Progression of Schizophrenia

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We now know that around a third of patients experience just a single psychotic episode during their entire lifetime, from which they make a full recovery or suffer practically no permanent consequences after a period of treatment. All other patients with schizophrenia are capable of following a reasonably adapted life with appropriate and continuous antipsychotic treatment. Between 25% and 35% of people with schizophrenia have a type that is resistant to treatment and they therefore require more complex therapeutic interventions, which generally combine various drug-based, psychosocial and biologic treatments (including electroconvulsive therapy). Around 10% of people with schizophrenia commit suicide, making it one of the most significant aspects to consider during the evaluation and follow-up of these patients.

The three thirds rule

Traditionally, the prognosis for patients with schizophrenia has followed the rule of the thirds. According to this rule, one third of patients will have just a single psychotic episode during their lifetime; another third will experience different psychotic episodes that will recede without causing much deterioration and they will preserve psychosocial functioning; and the final third will present psychotic symptoms continually, as well as suffering notable deterioration and functional incapacity.

Although each patient is unique, a series of factors associated with a good or bad prognosis has been identified and can provide a general idea about the long-term evolution. The intensity and, above all, the duration of psychotic episodes with or without treatment have a negative impact on disease progression since they predispose the appearance of residual symptoms.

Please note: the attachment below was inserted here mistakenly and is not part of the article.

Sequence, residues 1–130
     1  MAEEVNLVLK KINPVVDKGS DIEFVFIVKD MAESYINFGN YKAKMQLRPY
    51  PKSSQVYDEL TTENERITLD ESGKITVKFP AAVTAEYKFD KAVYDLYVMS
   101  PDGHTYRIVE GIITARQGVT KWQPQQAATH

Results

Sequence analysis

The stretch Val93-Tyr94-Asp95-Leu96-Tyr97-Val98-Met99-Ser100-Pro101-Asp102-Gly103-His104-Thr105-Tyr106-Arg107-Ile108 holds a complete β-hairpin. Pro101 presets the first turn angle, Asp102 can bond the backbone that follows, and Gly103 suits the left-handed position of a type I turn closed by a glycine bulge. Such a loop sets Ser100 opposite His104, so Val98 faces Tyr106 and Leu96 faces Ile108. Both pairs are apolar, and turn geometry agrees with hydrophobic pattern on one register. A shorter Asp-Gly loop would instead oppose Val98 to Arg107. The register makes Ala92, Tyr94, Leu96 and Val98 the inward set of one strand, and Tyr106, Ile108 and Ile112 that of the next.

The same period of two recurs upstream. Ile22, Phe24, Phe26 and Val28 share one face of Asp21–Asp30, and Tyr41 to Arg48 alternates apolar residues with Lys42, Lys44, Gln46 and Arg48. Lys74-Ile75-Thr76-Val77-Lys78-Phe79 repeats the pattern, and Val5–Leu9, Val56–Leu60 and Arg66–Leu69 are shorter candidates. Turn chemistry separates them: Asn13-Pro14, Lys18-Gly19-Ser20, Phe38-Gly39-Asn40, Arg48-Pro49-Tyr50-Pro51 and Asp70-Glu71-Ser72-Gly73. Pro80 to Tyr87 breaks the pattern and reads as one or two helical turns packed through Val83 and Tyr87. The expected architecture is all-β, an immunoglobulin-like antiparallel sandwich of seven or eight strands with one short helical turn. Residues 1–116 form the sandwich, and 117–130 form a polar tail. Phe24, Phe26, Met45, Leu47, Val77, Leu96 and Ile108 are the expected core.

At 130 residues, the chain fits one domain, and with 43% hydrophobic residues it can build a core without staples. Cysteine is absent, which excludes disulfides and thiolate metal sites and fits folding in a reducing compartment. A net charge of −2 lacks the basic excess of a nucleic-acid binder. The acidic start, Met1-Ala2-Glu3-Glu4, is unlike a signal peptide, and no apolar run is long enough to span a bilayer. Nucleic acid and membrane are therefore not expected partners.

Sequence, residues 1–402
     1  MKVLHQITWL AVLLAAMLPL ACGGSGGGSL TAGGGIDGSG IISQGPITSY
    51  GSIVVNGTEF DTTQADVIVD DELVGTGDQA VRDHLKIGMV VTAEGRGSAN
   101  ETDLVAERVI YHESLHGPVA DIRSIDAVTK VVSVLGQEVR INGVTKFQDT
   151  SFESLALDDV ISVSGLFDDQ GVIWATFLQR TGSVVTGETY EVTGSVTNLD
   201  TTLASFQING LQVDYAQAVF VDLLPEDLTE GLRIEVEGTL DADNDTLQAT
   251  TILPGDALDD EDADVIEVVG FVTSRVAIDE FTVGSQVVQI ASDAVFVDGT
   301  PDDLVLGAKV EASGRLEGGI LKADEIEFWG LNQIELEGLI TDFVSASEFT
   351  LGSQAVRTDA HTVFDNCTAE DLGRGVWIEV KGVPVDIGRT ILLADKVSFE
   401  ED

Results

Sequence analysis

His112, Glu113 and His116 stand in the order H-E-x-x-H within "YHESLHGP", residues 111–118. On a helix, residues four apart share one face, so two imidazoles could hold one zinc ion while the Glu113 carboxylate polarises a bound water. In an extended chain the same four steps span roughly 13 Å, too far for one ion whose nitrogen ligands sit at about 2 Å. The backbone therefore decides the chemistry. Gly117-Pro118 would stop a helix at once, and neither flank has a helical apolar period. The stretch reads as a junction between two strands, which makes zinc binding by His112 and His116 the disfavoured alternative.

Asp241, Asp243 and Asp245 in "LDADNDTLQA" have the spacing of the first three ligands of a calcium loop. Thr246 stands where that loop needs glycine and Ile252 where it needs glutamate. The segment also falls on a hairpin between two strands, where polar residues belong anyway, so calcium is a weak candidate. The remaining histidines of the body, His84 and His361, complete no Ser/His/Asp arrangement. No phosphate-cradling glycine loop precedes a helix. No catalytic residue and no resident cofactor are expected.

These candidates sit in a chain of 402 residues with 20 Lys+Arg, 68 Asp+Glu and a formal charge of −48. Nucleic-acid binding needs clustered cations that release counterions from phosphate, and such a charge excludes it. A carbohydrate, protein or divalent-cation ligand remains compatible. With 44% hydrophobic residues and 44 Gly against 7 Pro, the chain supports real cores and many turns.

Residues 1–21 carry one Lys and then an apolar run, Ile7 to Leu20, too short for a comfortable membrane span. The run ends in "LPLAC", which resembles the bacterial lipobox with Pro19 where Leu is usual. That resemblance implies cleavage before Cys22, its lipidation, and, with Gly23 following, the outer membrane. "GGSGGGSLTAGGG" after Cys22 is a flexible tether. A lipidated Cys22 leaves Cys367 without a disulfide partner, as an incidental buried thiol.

Generally speaking, it is evident that we cannot intervene in certain factors (sex, family history of schizophrenia or initial personality type), whilst others are the primary point of contention from the beginning.

In this regard, it is vitally important that patients receive a rapid diagnosis with early drug-based and psychological treatment.

Factors for a good prognosis:

  • Female.
  • Late onset.
  • No family background or history of affective disorders (e.g., depression, bipolar disorder).
  • Good previous adaptation, acute onset that coincided with stressful life events.
  • Clinical picture in which positive symptoms predominate over other types of symptom.
  • Absence of neurostructural alterations in neuroimaging studies and good results in neuropsychological tests.
  • Good response to medication.
  • A pace of life with relative stability in terms of working hours and sleep patterns, no substance abuse, etc.
  • Strict compliance with drug regime and check-ups.

What are the associated medical complications?

Different long-term studies demonstrate that patients with schizophrenia have a lower life expectancy compared to the general population. Apart from deaths due to suicides (5–10%) or accidents, schizophrenics also present a higher incidence of other medical conditions. Notable among these are diabetes, cardiovascular problems and certain carcinogenic processes. Schizophrenia is also associated with a higher rate of smoking and poorer general health habits (nutrition, sedentary lifestyle, etc.).

Substantiated information by:

Eduard Parellada Rodon
Miguel Bernardo Arroyo
Miquel Bioque Alcázar

Published: 20 February 2018
Updated: 30 November 2022

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